‘Lingering’ disconnect between Putrajaya, Istana, may need resolution

‘Lingering’ disconnect between Putrajaya, Istana, may need resolution.

Istana under pressure from the Opposition, shrill social media in particular.

OPINION . . . The Istana has been under “pressure” from an Opposition albeit exercising maximum restraint, and the increasingly shrill social media in particular, ever since Mahathir Mohamad resigned abruptly on Mon 24 Feb last year as the 7th Prime Minister.

The gov’t changed hands on Sun 1 Mar 2020 from Pakatan Harapan (PH) to the new Opposition. This has all the ingredients of a Grecian tragedy. It was PH which had ended the Barisan Nasional’s (BN) 61-year grip on power on Thurs 10 May 2018 when GE14 was held.

Therein lies the roots of the lingering “disconnect” between Putrajaya and the Istana. If Agong isn’t breathing down Prime Minister Muhyiddin Yassin’s neck, the Opposition and the social media takes up the slack.

The Prime Minister should know which side his bread is buttered. Let’s keep things in perspective.

In a nutshell, between the Prime Minister as the head of gov’t and the Agong as head of state, the latter wields the executive authority of the Federation under Article 39. Such authority can be delegated by administration — i.e. not to the Prime Minister, Cabinet or any Minister authorised by the Cabinet — but “other persons”. Parliament may by law confer executive functions on them.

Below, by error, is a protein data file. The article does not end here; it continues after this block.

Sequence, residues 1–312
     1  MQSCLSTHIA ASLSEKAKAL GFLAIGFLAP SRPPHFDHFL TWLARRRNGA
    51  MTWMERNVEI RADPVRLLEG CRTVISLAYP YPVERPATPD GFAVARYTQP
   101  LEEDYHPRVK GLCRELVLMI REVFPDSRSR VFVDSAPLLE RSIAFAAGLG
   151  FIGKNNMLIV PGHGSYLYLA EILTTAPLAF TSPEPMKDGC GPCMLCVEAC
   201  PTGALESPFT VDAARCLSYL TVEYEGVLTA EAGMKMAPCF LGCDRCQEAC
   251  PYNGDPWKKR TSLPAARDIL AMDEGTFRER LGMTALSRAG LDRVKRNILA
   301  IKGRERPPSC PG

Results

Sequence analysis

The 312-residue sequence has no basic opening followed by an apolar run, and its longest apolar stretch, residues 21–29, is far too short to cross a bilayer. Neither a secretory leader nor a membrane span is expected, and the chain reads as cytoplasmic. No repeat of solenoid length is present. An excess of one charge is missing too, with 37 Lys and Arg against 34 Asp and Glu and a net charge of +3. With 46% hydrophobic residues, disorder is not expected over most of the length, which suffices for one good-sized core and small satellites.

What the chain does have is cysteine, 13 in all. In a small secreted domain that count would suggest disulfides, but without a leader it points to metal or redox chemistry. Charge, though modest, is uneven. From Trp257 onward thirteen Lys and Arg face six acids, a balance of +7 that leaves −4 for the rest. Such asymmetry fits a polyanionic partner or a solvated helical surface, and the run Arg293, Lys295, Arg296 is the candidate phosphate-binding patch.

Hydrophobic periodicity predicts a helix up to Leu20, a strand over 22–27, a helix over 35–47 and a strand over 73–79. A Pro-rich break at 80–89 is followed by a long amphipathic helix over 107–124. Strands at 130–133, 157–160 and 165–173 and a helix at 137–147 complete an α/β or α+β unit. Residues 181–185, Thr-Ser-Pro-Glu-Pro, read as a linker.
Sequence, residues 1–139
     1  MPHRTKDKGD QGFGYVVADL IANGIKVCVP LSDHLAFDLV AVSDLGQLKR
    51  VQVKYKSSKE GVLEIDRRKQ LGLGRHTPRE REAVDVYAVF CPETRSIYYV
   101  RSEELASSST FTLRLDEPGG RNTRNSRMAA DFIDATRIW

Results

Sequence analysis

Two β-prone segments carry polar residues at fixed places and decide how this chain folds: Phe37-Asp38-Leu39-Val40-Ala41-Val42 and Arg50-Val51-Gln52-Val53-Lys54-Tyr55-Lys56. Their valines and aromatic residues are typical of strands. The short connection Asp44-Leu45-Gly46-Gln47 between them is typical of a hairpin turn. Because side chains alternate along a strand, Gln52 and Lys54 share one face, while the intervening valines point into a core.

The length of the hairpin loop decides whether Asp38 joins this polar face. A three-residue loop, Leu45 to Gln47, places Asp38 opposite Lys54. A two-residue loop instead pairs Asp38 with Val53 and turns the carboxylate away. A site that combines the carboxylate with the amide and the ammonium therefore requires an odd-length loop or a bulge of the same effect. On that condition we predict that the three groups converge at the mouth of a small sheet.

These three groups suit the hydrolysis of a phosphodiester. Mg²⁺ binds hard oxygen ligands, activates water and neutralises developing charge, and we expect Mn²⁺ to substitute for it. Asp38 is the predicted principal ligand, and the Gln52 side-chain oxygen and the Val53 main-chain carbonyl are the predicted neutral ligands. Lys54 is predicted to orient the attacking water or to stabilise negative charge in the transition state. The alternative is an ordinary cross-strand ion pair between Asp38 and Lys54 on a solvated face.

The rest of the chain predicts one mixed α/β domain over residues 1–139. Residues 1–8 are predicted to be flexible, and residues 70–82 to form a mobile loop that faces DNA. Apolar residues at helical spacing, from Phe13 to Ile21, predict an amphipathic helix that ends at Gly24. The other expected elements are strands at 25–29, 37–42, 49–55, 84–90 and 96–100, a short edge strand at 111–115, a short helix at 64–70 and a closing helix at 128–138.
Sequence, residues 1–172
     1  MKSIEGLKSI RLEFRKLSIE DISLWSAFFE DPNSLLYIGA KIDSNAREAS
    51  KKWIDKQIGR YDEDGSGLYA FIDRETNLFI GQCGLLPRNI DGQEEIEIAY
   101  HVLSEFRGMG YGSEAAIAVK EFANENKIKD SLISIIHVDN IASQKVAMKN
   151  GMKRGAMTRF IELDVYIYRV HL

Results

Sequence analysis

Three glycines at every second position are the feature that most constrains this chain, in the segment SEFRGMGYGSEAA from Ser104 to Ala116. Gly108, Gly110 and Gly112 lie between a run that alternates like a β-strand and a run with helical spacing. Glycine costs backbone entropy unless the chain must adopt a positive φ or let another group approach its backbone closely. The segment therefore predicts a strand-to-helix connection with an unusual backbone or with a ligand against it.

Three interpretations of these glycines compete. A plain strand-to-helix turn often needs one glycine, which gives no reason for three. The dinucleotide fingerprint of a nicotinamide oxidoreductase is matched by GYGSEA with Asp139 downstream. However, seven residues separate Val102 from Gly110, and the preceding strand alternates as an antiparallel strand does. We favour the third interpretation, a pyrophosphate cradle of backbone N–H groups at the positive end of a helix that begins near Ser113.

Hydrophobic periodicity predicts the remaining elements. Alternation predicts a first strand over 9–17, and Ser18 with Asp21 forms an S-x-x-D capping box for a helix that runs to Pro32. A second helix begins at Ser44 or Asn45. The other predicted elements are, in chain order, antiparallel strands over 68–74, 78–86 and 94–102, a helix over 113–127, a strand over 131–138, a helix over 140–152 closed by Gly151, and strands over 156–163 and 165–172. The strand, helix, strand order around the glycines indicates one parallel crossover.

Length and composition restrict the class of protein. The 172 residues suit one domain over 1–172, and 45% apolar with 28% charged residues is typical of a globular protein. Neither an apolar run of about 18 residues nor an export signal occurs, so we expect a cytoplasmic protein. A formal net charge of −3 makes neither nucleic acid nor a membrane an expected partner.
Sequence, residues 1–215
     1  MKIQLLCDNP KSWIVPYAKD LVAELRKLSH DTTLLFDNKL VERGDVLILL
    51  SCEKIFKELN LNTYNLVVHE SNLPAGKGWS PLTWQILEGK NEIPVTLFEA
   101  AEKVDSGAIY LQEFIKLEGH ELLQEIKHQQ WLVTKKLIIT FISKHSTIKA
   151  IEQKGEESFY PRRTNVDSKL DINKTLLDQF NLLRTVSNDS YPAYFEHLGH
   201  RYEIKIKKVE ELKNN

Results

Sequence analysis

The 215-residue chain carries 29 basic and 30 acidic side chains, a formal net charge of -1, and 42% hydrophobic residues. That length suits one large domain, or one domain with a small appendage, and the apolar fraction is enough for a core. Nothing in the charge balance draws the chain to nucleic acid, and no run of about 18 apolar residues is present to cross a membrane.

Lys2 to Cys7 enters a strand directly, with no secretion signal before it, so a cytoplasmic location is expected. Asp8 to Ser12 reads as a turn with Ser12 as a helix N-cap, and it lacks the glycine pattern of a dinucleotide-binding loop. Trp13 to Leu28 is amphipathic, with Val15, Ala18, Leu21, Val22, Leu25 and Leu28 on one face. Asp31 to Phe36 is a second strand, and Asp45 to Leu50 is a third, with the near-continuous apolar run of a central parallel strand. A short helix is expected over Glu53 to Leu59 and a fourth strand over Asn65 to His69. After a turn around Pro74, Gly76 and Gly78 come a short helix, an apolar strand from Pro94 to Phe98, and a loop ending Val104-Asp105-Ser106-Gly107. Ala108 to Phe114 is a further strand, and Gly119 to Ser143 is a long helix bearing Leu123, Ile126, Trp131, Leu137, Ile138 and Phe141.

Also, the Agong remains the Supreme Commander-in-Chief of the Armed Forces. The Armed Forces, while primarily engaged in external defence, can also assist on internal security matters, without or without martial law.

Since Sun 1 Mar last year, the Istana has noted that PH has never failed to label Muhyiddin Yassin a “backdoor” gov’t and keeps questioning the numbers. PH has enormous support in the social media which has virtually become a bastion of anti-gov’t discussion drowning out the increasingly dwindling number of pro-Muhyiddin supporters.

The Istana walks a fine line. It can’t risk getting caught in the line of fire.

Opposition leader Anwar Ibrahim has been emboldened by Umno’s open defiance of the Perikatan Nasional (PN) Plus gov’t despite being a member. The Umno Supreme Council has reiterated more than once that it no longer supports Muhyiddin as Prime Minister.

Briefly, BN entered the PN Plus gov’t on Sun 1 Mar last year with 42 MPs including 38 from Umno. The situation has since become somewhat murky. Only 12 Umno MPs and another four BN lawmakers are considered still with the gov’t. Another 26 Umno MPs are in the “unclear” category.